The story of James Dials’, a gregarious 62-year-old limousine driver who weighed 4oo lbs. and was down on his luck is riveting. “My life was very uncomfortable,” Dials said. “I was a diabetic and I injected insulin. I had high blood pressure, sleep apnea, and high cholesterol. I was on all kinds of medications.”
That’s when he discovered the UCSF Bariatric Surgery Program, a Level 1 accredited center for weight-loss surgery by the Bariatric Surgery Center Network of the American College of Surgeons, which means they provide complete bariatric surgical care. It is a nationally certified “center of excellence,” which offers a multidisciplinary approach to weight loss. “James had relatively advanced obesity,” says Stanley M. Rogers, (pictured left) MD, chief of Minimally Invasive Surgery and director of the Bariatric Surgery Center and Liver Tumor Ablation Program at UCSF Medical Center. “And we know that weight loss either with or without surgery can significantly impact those medical problems, and can make these medical problems called co-morbidities go away as weight loss occurs.”
“I have all sorts of choices now,” he said. “It’s like a kid getting a new toy on Christmas. That’s how life is to me now. Everything is new in life now. I have more self-esteem and I care more about myself. I ask for help now and I stay teachable.”
Read the full story in UCSF News
“Dr. (Nancy) Ascher excels in her role as Chair of Surgery, not only for her inexplicable foresight, but because she stays connected to trainees and students. This year, Dr. Ascher received the Francis Moore Excellence in Mentorship in the Field of Transplantation Surgery Award from the American Society of Transplant Surgeons.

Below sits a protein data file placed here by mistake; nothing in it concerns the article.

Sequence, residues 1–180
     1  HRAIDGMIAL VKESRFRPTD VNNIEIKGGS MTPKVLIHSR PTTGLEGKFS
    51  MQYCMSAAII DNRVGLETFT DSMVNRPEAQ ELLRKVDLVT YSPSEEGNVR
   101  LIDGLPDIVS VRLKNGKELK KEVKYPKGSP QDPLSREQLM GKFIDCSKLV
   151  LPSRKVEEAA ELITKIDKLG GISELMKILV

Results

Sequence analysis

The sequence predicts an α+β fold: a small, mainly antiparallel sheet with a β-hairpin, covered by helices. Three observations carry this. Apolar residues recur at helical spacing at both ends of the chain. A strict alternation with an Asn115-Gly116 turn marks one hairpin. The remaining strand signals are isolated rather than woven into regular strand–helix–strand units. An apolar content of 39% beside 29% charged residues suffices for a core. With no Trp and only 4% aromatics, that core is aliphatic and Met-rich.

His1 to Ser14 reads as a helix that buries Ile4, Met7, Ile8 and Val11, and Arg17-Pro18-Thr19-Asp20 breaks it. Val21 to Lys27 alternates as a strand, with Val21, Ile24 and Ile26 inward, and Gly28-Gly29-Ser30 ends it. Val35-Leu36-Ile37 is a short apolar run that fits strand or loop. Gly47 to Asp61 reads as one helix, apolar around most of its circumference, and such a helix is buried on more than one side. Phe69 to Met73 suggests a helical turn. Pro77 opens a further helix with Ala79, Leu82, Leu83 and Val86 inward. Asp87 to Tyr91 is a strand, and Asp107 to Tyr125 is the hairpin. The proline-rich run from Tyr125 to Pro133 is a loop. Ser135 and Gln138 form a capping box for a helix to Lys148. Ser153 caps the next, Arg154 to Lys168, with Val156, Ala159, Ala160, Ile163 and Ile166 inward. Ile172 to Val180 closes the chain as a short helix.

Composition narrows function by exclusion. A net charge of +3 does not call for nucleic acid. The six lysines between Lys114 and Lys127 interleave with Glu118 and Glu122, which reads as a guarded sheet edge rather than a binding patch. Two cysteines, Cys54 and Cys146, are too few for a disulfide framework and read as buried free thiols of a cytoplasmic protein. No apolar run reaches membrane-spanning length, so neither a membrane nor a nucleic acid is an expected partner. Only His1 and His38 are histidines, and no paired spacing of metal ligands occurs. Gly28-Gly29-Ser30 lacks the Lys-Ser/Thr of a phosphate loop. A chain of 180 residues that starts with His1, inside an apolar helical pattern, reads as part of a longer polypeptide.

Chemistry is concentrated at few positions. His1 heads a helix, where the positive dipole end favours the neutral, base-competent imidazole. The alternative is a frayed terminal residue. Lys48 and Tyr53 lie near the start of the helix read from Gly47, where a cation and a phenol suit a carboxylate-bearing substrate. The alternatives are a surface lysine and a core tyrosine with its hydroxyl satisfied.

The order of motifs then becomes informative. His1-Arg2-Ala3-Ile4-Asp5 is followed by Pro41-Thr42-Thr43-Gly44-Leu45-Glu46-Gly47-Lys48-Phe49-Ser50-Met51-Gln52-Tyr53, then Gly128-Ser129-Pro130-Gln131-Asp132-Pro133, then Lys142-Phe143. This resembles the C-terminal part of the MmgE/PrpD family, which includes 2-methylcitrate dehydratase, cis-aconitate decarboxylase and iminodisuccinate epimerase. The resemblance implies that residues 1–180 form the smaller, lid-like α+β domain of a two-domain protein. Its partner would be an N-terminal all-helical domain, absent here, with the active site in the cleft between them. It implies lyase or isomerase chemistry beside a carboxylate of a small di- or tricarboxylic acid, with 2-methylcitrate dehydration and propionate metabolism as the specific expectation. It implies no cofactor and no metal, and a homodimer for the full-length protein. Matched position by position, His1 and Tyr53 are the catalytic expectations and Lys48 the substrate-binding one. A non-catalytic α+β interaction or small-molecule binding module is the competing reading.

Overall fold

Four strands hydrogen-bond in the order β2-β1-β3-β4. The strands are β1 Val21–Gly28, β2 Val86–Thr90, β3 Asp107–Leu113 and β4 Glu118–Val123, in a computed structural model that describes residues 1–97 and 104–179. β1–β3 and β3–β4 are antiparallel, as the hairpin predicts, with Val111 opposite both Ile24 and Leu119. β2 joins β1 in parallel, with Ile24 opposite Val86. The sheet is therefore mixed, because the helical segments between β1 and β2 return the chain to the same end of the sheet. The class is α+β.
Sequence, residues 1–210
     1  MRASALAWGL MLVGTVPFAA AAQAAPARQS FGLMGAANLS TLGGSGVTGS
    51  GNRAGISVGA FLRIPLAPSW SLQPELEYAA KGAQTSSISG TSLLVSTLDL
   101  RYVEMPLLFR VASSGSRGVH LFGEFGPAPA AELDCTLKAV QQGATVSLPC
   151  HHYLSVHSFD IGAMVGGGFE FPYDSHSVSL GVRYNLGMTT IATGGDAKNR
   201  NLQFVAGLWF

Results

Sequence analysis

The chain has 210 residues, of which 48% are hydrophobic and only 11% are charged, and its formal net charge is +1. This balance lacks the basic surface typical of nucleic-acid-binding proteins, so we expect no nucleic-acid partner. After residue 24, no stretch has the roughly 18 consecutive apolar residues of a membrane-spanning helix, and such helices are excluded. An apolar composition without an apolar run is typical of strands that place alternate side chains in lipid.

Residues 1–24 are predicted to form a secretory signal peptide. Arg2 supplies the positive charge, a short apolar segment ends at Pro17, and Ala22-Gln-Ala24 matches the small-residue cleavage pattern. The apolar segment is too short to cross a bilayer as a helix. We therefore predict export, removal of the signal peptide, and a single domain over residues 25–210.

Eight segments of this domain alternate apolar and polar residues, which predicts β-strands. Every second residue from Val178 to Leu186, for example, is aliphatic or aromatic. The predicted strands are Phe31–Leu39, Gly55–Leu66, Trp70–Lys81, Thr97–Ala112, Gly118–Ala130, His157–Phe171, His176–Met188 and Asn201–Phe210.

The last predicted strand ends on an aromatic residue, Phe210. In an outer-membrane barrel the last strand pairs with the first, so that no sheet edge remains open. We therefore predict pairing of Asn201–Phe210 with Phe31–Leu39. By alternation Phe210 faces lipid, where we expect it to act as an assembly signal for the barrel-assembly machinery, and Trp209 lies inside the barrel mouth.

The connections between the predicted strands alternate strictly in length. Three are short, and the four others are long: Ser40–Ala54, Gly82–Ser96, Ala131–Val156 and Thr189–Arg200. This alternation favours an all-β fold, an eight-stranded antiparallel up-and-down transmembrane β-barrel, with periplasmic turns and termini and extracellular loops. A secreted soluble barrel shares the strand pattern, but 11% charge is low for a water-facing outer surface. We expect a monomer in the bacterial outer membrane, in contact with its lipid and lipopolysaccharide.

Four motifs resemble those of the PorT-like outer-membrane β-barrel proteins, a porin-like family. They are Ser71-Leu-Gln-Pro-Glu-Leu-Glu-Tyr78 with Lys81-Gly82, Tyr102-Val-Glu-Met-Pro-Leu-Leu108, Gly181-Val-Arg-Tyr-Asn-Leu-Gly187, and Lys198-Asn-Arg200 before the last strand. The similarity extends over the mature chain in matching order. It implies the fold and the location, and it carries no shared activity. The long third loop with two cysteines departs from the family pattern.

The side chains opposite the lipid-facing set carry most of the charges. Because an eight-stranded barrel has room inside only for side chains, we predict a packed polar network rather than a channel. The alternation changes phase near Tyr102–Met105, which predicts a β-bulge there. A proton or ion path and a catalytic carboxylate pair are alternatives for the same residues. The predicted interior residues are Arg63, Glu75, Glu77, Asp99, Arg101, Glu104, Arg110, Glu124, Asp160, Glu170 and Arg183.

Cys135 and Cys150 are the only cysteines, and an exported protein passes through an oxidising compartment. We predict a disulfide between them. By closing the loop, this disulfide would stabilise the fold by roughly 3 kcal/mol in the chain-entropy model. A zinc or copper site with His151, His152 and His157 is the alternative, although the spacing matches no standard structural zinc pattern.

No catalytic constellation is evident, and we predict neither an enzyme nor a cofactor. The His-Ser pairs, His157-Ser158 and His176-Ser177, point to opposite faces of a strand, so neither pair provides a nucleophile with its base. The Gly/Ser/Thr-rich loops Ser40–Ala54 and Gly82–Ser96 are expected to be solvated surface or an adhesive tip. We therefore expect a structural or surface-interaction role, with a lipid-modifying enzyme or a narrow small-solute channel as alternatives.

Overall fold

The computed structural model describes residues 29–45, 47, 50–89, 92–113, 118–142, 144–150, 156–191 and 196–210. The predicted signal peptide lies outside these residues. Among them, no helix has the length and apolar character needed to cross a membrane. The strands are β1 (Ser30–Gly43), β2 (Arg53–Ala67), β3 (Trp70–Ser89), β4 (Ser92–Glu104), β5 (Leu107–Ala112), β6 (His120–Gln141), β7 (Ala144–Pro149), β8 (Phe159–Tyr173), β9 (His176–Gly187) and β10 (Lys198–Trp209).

Residents and fellows noted that Dr. Ascher is an effective mentor because she treats them like colleagues and not just trainees. Residents and fellows felt “immersed and integral in the program which empowered them and helped their growth.” Dr. Ascher emphasizes that a meaningful mentor-mentee relationship allows an honest exchange about the student’s career path and the mentor’s willingness to be that student’s advocate.
But how personal can a mentorship be, or is it strictly a professional relationship? Dr. Ascher believes that “elements of caring, friendship come from a good mentorship.” However, she acknowledges the fine line that exists to protect the privacy and separate personal lives of the mentor and mentee. The role of an effective mentor is not to judge the mentee but to get to know the student, so that the mentor can advise the student appropriately. Opening up to a mentor helps students understand what’s realistic and reasonable for them.” Excerpted from Synapse, the UCSF student-run weekly